The 200km stretch of Ring Road from Kirkjubæjarklaustur to Höfn is truly mind-blowing, transporting you across vast deltas of grey glacial sand, past lost-looking farms, around the toes of craggy mountains, and by glacier tongues and ice-filled lagoons. The only thing you won’t pass is a town.
The mighty Vatnajökull dominates the region, its huge rivers of frozen ice pouring down steep-sided valleys towards the sea. Jökulsárlón is a photographer’s paradise, a glacial lagoon where wind and water sculpt icebergs into fantastical shapes.
The bleak coastal deserts of glacial sand are remnants of calamitous collisions between fire and ice. Further inland is the epicentre of Iceland’s worst volcanic event, the Lakagígar fissures. With so much desolation on display, it’s not surprising that Skaftafell is so popular. This sheltered enclave between the glaciers and the sands throbs with life and colour, and the footfalls of hikers.
These are our favorite local haunts, touristy spots, and hidden gems throughout Southeast Iceland.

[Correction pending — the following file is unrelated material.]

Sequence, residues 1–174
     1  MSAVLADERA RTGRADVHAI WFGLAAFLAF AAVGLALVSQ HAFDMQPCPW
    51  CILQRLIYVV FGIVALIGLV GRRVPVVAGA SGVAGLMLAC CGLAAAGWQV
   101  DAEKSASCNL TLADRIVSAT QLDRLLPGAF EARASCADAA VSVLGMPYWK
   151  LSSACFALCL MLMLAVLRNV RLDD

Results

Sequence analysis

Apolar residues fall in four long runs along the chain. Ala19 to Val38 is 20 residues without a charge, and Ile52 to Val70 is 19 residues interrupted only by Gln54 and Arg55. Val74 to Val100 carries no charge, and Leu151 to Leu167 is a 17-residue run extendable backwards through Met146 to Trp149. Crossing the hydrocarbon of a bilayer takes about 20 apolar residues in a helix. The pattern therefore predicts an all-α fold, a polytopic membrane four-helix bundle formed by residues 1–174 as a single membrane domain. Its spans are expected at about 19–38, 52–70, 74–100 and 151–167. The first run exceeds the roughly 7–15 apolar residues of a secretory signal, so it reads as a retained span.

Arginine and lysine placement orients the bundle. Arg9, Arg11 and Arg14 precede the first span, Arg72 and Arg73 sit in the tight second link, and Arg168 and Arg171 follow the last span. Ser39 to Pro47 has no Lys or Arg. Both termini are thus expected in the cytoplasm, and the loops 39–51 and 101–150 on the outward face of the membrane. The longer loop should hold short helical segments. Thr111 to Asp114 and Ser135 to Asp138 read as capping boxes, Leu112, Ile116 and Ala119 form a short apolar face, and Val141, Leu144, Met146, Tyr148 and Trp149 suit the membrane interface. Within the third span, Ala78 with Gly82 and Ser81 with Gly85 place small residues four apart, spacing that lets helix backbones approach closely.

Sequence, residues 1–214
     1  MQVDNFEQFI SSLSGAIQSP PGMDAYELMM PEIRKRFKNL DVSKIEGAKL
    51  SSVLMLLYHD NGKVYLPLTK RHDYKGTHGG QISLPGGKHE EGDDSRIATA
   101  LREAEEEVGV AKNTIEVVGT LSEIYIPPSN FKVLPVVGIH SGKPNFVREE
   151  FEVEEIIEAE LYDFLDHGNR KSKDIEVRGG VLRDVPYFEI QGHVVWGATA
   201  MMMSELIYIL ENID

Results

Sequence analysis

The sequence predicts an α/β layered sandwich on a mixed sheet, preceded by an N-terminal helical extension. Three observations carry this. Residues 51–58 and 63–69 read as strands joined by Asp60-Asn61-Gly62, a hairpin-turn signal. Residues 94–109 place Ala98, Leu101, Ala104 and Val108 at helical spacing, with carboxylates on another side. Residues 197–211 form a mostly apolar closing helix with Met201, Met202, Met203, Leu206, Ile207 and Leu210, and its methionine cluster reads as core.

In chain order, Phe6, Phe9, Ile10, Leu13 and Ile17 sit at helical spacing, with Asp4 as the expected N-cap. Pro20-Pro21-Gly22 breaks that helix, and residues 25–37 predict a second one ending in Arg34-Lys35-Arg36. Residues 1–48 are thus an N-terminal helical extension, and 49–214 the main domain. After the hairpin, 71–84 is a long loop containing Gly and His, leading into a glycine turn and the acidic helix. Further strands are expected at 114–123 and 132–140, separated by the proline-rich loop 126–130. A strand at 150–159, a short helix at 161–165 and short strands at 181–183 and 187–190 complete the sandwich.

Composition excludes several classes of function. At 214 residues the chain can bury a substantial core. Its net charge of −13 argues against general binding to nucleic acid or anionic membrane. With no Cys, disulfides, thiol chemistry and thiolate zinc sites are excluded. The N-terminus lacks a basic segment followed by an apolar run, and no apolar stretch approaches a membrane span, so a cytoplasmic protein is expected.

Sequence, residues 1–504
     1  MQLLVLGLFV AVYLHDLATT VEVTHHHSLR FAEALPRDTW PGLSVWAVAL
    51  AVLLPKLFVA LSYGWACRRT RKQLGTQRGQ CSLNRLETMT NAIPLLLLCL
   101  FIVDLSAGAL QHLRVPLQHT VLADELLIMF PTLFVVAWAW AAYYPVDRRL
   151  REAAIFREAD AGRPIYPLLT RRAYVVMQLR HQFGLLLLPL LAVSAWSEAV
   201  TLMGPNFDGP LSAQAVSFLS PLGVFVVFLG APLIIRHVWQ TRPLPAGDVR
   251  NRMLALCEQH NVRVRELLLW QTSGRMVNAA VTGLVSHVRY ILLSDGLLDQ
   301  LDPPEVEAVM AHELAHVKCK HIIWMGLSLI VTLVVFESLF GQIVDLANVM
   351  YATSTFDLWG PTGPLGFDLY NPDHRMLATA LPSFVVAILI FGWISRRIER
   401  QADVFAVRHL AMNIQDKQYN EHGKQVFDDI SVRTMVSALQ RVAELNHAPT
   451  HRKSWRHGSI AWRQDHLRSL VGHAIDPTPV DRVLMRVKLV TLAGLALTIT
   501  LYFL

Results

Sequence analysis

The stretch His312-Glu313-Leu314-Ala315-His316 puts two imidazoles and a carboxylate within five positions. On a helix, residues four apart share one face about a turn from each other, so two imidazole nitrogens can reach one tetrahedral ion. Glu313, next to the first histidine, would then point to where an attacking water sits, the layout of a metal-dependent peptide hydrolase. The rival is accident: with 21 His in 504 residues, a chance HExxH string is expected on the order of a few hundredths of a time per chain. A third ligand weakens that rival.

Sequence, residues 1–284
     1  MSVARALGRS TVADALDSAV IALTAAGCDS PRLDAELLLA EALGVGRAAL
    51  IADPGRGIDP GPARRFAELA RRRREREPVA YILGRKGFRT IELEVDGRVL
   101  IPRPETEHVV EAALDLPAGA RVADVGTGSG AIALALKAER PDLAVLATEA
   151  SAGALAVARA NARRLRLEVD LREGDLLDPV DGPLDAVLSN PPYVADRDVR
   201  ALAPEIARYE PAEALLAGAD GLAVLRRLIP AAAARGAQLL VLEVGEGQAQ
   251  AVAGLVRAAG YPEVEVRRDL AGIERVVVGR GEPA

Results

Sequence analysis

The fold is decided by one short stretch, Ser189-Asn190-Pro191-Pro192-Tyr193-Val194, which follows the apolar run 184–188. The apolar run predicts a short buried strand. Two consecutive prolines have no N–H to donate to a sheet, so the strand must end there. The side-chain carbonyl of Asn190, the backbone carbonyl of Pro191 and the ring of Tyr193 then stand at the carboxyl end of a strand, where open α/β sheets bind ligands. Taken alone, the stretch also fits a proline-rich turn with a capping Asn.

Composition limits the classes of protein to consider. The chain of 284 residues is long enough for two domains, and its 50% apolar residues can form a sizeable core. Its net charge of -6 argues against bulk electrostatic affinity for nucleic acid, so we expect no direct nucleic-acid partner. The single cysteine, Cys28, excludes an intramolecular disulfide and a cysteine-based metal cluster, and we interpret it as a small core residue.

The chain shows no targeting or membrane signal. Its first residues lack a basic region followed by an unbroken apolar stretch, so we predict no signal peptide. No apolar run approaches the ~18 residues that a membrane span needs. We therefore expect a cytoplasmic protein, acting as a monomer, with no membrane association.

A sign off the Ring Road indicates Fjallsárlón – this is an easily accessible glacier lagoon, where icebergs calve from Fjallsjökull. There are Zodiac tours among the bergs, plus walking trails around the lagoon, and it's a good alternative to busy Jökulsárlón, 10km further east. If you have the time, we recommend you stop at both lagoons, as they have different qualities: Jökulsárlón is much larger and more dramatic, while from Fjallsárlón's shores you can see the glacier snout. Both lagoons offer boat rides, and Fjallsárlón wins brownie points for building a handsome new visitor centre with a spacious cafe.
Heading east on the Ring Road from Skaftafell, a sign points the way to the glacier Svínafellsjökull. A rough, potholed dirt road leads 2km to a car park, from where it’s a short walk to the northern edge of the glacier and some fine photo ops. Don't be tempted to stride out onto the glacier unaccompanied – join a guided walk. In summer 2018, geologists became concerned over the risk of rock landslide in the region around Svínafellsjökull; at the time of research, guided glacier walks were no longer operating here (companies offering hikes on Svínafellsjökull have moved to other nearby outlet glaciers).
Kvíárjökull glacier snakes down to the Kvíá river and is easily accessible from the Ring Road; look for the sign for Kvíármýrarkambur just west of the bridge over the river. Leave your car in the small car park and follow the path into the scenic valley.